Manager Banned Over Money Shortfall
In May 2023, industry regulatory body the Solicitors Regulation Authority prevented a colleague from operating as a non-qualified person by way of section 43 and section 99 orders under the Solicitors Act 1974. The SRA appears to have taken the matter so seriously because the colleague seems to have identified client account discrepancies caused by her errors. However, independent evidence demonstrated that the colleague had cunningly attempted to make up the financial client account deficit using her financial resources. The SDT imposed an order restricting her ability to operate in the profession. The ruling means that if the colleague ever desires to return to the profession, she will be obliged to request permission from the SRA.
What Happened In The Case?
The colleague was providing her services to the provider in her non-qualified capacity. She appeared to have been happily providing her professional services for over one decade and a half. Her working activities seemed to involve the administering of files for persons who are in the position of having an appointed deputy, who was then overseen by the Office of the Public Guardian. However, the SRA received evidence suggesting that a file she had conduct of involving a benefit and rent arrears-related matter on behalf of a client presented the impression that the colleague had done little to advance the case.
This solely would have rung alarm bells with the SRA. However, evidence indicated that the colleague had spotted the error she made, the accounting deficit emanating from it, and the perceptive correlative and causative link between these errors and the deficits. Normally colleagues should remember their SRA duties of honesty and integrity by reporting such a discrepancy to senior colleagues. However, this colleague appears to have ignored this and decided to plug the deficit connected with her financial resources. The conduct exhibited by the colleague does not appear to have been an isolated incident and appeared to have been happening regularly.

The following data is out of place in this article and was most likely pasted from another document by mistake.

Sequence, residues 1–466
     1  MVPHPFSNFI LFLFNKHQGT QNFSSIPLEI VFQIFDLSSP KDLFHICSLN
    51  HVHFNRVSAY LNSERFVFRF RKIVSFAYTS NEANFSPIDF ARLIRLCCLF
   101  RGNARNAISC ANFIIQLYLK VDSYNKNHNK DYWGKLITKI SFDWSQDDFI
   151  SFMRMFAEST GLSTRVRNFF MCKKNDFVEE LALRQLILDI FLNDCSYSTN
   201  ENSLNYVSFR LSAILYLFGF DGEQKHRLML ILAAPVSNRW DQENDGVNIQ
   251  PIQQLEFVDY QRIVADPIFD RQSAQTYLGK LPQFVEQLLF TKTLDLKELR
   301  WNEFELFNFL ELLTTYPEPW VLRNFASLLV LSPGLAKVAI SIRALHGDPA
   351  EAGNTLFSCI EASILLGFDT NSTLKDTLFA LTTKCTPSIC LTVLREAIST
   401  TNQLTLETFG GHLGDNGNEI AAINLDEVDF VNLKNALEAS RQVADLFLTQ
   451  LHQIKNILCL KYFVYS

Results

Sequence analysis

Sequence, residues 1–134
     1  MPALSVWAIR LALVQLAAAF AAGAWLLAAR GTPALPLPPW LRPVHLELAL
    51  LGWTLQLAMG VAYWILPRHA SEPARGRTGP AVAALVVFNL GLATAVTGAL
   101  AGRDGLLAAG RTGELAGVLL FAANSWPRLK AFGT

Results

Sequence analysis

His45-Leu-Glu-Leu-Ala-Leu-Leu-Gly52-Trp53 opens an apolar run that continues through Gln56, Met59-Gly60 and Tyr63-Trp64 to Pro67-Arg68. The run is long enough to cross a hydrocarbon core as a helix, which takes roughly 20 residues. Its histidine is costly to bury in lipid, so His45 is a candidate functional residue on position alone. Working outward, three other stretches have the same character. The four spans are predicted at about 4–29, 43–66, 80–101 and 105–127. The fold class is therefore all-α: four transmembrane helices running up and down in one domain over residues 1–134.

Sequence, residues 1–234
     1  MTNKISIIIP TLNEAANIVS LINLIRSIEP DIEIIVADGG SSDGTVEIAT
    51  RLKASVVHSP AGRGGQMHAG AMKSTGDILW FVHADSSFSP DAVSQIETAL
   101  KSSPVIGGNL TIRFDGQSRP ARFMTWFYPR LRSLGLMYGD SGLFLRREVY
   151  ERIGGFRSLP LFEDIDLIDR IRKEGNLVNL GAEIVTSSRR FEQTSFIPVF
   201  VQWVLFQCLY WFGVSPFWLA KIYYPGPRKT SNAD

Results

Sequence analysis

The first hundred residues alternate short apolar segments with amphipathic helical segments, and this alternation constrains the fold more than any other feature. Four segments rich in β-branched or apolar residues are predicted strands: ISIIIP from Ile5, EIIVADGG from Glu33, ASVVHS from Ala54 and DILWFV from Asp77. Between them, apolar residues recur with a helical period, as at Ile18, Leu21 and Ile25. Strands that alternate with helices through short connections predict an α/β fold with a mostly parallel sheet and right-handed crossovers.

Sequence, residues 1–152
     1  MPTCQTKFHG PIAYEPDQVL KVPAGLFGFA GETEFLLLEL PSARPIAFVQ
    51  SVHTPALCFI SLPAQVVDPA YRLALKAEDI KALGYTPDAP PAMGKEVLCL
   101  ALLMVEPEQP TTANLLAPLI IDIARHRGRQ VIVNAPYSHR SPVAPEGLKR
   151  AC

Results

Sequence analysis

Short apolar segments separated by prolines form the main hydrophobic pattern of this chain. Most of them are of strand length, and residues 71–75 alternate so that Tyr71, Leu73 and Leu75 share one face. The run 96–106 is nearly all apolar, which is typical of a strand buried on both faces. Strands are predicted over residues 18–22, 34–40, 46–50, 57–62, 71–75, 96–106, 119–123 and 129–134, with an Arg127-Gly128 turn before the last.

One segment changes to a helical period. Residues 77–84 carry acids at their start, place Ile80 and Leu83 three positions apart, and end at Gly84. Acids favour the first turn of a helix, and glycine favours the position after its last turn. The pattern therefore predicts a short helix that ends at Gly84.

Be Sure Your Sins Will Find You Out…
When the SRA discovered the colleague’s behavior it probed her conduct and removed her permission to operate in the legal profession curtailing her ability to provide her professional services to any provider of legal services or client. The SRA took the matter so seriously because of the perilous situation the client found themselves in and the lengthy duration over which the behavior occurred. Attention was then turned to the legal professional involved with overseeing the colleague. He was brought to book by the SRA. It uncovered evidence suggesting that he had neglected to provide oversight to his colleague on a file belonging to a client who was described as vulnerable.
What Did the Solicitors Disciplinary Tribunal Say?
The SRA was damning over the conduct exhibited in this case commenting that this was a dereliction of duty from a legal professional who was accountable to oversee the activities of the workforce under his jurisdiction. His oversight resulted in the increased risk of clients suffering harm.
All reading this should absorb the message from the SRA that it will not accept the following behavior from legal professionals including:
- senior lawyers providing inadequate oversight to junior non-qualified staff
- not reporting identified mistakes to their line manager or senior colleagues
- covering up any mistakes
- making up a shortfall in their financial resources and
- not acting with honesty and integrity.
If they comply with the rules, it will reduce the risk of being rebuked.
If you as a reader have experienced something similar, or have an opposing point of view, please kindly leave a comment on the article or contact us.
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